Fix Your Font Hassles, Save Music From YouTube

By  |  Friday, April 3, 2009 at 5:52 pm

Steve Bass's TechBiteYou have problems, I have answers, and that’s what I’m tackling in this week’s story: Two of your gnarly issues.

I can see you now, quickly composing a message with your long-repressed computing crisis. Don’t start hyperventilating. I gave up answering e-mailed PC troubleshooting questions years ago. However, some computing hassles, aka kvetches, are broad enough to benefit everyone seeing the solution. BTW, if you do write, I’ll definitely read the missive. Worst case, you’ll get my best personalized boilerplate response (an oxymoron if I’ve ever heard one).

Enough sidetracking — on to the problems.

Too Many Fonts

The Hassle: I have more fonts than I know what to do with. I don’t know where they came from and want to erase some. Also, won’t too many fonts slow down my computer?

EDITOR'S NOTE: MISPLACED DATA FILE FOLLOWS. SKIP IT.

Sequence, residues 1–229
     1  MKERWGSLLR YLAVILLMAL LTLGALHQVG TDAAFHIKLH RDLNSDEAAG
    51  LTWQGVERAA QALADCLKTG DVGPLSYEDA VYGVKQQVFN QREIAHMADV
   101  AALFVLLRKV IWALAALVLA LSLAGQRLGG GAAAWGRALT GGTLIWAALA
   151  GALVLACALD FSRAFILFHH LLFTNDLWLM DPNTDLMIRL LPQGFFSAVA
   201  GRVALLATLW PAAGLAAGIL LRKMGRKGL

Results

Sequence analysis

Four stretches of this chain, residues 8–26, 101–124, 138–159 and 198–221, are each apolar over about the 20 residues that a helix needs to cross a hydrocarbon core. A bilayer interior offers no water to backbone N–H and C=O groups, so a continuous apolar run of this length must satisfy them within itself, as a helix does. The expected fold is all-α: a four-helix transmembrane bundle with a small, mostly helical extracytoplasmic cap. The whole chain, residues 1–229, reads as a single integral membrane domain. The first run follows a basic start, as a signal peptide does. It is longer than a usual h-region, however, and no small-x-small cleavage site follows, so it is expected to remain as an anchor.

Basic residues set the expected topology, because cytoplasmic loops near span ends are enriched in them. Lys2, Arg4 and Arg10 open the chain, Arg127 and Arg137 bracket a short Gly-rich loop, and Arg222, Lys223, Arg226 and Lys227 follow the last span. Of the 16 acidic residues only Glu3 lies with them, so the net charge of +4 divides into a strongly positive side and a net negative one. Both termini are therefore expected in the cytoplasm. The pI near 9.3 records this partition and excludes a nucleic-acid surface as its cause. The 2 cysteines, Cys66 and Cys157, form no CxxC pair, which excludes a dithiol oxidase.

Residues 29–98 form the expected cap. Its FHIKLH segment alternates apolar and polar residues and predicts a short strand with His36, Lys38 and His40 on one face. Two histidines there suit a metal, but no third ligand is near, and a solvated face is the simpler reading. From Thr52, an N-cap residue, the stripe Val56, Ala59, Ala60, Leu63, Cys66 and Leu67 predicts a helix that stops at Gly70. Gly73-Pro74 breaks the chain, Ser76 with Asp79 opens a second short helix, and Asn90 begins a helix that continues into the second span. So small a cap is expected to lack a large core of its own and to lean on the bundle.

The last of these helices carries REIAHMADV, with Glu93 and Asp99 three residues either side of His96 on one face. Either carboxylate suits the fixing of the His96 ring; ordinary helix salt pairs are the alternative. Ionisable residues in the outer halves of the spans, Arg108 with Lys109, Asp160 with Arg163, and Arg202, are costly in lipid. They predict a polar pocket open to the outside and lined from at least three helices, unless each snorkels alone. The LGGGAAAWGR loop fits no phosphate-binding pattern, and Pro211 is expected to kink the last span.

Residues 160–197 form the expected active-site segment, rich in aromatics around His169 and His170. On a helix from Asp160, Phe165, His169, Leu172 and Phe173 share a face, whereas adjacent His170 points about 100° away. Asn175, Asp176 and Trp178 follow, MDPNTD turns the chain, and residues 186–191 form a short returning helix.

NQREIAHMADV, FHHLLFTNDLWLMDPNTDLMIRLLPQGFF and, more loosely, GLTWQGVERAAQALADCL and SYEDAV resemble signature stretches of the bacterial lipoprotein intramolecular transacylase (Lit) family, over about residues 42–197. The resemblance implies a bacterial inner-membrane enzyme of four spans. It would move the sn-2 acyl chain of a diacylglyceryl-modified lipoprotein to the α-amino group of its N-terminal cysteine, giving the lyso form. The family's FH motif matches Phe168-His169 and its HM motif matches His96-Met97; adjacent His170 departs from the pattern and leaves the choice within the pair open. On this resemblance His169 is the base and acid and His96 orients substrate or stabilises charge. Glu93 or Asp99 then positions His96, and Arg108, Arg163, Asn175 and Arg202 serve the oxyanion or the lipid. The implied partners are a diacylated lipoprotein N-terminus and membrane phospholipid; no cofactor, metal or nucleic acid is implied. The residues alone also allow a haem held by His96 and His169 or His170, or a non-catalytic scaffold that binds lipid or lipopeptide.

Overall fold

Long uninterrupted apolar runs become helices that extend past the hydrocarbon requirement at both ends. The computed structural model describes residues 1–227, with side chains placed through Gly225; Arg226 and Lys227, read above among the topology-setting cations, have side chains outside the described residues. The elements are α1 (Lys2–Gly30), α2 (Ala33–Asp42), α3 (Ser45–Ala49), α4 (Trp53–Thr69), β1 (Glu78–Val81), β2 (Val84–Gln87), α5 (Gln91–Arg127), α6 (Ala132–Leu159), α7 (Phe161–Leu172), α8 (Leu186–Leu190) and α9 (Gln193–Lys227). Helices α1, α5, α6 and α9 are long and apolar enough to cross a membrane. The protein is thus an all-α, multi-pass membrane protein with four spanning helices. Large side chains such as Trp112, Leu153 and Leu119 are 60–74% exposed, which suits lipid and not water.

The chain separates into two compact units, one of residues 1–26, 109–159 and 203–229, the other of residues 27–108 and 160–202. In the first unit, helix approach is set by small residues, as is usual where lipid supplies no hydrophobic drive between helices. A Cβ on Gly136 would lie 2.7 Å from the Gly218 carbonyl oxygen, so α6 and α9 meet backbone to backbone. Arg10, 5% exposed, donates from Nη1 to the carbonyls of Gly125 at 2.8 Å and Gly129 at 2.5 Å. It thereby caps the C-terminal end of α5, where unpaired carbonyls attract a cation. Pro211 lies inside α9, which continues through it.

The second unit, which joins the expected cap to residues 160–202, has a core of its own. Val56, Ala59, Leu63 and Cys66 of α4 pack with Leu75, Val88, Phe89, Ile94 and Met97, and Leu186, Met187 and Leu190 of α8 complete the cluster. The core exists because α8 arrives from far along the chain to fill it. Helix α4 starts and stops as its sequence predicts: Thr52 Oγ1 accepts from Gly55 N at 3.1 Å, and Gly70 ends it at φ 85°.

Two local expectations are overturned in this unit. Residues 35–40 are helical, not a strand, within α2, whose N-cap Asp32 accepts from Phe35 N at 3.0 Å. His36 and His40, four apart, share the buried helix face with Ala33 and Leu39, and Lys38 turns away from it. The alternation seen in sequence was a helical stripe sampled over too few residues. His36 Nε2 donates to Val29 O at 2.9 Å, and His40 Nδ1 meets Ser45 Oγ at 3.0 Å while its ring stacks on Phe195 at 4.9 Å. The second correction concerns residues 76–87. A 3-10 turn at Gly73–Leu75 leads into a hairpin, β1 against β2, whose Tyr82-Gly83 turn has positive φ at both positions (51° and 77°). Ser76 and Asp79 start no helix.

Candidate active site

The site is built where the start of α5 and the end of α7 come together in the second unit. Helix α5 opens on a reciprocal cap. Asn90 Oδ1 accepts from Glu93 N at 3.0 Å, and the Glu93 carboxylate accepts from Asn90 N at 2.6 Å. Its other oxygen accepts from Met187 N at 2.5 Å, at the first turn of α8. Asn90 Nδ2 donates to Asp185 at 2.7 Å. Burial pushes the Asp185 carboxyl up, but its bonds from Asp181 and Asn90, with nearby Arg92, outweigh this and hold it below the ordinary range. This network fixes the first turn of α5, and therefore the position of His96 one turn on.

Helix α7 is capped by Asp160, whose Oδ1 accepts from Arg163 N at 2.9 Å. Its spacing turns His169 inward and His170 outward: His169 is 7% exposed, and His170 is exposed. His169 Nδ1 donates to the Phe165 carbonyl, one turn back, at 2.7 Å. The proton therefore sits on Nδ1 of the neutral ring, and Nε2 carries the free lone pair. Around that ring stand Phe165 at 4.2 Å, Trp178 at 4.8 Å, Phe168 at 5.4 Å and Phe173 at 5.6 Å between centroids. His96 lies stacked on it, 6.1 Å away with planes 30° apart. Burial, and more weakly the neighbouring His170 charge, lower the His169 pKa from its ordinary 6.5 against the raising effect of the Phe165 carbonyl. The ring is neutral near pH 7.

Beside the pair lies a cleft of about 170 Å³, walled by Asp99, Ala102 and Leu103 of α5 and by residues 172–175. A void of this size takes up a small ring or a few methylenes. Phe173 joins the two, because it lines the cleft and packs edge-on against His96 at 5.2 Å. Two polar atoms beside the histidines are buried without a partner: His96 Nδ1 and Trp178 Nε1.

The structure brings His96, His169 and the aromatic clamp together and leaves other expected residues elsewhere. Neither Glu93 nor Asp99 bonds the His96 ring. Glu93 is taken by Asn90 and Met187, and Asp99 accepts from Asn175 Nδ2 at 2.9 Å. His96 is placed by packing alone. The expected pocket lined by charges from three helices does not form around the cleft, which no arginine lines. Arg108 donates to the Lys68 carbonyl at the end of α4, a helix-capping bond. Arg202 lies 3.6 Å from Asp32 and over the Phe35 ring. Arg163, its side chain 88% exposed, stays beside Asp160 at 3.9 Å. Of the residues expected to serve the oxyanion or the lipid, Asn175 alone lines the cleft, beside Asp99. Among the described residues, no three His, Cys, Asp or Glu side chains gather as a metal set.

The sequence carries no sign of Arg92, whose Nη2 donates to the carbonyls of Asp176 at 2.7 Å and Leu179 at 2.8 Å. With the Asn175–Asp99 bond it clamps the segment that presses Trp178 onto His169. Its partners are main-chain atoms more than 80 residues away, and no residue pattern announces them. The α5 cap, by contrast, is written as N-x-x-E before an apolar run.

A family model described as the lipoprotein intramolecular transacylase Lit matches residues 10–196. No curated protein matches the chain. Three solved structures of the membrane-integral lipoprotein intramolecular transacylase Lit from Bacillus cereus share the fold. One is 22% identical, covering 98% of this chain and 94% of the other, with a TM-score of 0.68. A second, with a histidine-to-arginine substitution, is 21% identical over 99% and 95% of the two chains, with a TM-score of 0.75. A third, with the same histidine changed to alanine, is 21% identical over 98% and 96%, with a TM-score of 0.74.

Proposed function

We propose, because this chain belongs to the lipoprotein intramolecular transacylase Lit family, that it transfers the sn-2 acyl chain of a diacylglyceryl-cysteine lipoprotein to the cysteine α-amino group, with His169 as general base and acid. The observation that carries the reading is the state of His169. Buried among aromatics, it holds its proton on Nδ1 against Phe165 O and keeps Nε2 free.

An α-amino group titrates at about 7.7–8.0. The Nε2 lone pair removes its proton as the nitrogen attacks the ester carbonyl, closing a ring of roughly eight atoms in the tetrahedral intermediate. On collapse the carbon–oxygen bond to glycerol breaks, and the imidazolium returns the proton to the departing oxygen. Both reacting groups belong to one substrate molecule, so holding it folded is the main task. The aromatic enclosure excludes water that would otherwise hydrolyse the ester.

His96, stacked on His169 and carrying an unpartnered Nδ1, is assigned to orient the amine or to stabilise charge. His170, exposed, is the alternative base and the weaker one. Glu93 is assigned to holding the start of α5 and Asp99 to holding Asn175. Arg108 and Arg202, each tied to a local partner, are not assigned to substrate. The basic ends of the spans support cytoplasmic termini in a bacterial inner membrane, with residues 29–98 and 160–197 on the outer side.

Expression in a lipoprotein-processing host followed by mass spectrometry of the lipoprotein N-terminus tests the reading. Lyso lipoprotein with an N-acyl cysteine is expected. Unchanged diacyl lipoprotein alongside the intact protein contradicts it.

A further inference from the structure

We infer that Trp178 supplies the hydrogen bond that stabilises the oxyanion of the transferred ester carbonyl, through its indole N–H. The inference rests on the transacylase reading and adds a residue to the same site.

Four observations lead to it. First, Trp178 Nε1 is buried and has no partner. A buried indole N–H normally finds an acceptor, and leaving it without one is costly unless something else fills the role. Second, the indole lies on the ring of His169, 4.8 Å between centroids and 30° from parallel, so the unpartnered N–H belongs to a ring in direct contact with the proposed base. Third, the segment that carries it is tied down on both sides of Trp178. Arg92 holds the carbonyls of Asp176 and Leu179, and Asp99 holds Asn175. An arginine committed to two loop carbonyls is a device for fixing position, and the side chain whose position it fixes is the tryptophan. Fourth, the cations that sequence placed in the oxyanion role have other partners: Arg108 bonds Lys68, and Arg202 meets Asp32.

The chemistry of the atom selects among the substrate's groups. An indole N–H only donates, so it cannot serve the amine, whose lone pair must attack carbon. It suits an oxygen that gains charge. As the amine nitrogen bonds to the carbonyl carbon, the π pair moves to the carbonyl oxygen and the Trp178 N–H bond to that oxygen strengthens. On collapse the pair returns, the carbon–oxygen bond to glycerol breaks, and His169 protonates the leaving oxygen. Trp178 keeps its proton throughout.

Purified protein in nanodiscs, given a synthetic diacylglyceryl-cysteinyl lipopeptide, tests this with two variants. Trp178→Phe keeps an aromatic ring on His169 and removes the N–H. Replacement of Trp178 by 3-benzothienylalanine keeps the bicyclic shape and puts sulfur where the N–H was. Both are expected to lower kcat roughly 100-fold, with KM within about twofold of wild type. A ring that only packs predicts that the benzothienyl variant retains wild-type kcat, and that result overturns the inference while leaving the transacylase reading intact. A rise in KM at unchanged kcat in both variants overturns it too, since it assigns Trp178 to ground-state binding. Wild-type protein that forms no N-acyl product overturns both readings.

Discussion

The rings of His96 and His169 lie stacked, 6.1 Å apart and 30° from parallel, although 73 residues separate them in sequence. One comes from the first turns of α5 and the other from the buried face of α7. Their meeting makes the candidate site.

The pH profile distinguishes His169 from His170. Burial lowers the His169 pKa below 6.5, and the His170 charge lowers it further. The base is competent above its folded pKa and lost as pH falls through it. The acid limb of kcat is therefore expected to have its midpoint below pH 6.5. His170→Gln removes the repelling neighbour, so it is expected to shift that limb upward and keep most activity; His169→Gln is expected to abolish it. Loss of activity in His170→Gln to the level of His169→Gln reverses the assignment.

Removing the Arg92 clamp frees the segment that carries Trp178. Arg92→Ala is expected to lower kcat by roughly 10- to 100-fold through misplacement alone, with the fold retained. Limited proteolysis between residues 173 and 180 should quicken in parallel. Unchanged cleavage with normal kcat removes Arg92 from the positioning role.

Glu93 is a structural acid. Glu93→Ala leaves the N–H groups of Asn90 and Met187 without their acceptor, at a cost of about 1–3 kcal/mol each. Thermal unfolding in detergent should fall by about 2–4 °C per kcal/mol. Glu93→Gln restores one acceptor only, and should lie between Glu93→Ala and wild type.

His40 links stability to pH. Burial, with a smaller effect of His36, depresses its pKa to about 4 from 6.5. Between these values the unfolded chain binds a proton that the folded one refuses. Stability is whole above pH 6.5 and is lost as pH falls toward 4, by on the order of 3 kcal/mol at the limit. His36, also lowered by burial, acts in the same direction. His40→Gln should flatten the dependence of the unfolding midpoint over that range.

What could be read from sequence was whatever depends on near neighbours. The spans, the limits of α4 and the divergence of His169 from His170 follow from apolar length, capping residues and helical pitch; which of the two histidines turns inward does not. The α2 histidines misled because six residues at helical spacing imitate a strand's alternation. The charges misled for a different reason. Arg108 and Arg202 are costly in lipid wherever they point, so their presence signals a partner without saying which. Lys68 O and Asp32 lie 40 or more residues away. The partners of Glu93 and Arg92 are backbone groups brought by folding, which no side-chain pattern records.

The Fix: You’re been downloading those all-you-can-eat font programs, haven’t you? Or maybe you installed Print Artist and were gullible enough to think you’d one day need a couple of thousand extra fonts.

The best way not to install extra fonts on your system is to pay attention whenever you install an app that offers you extra fonts. For instance, as Microsoft Publisher’s installation offers to dole out its extra fonts, take a judicious attitude and install as few extras as you can stand. Unfortunately, as Kim, my copy editors says, “my test laptop also gets loaded with fonts because many free and shareware photo editors and graphics programs install fonts as well–without asking. Yet I haven’t noticed any performance issues.”

Now the skinny on fonts: Win 98 and ME users suffer from an agonizingly slow boot with systems having lots of fonts (the limit for those operating systems is 500 fonts).

However, there’s controversy about XP and Vista systems choking on excessive fonts when booting. I can find plenty articles saying too many fonts bog down booting. OTOH, just as many experts say XP/Vista font handling is improved, and with adequate RAM–like 2GB — you can have any number of fonts. And both XP and Vista have no font limitation, so you could install millions of them. (Please stick with just one font when sending me e-mail. Thanks.)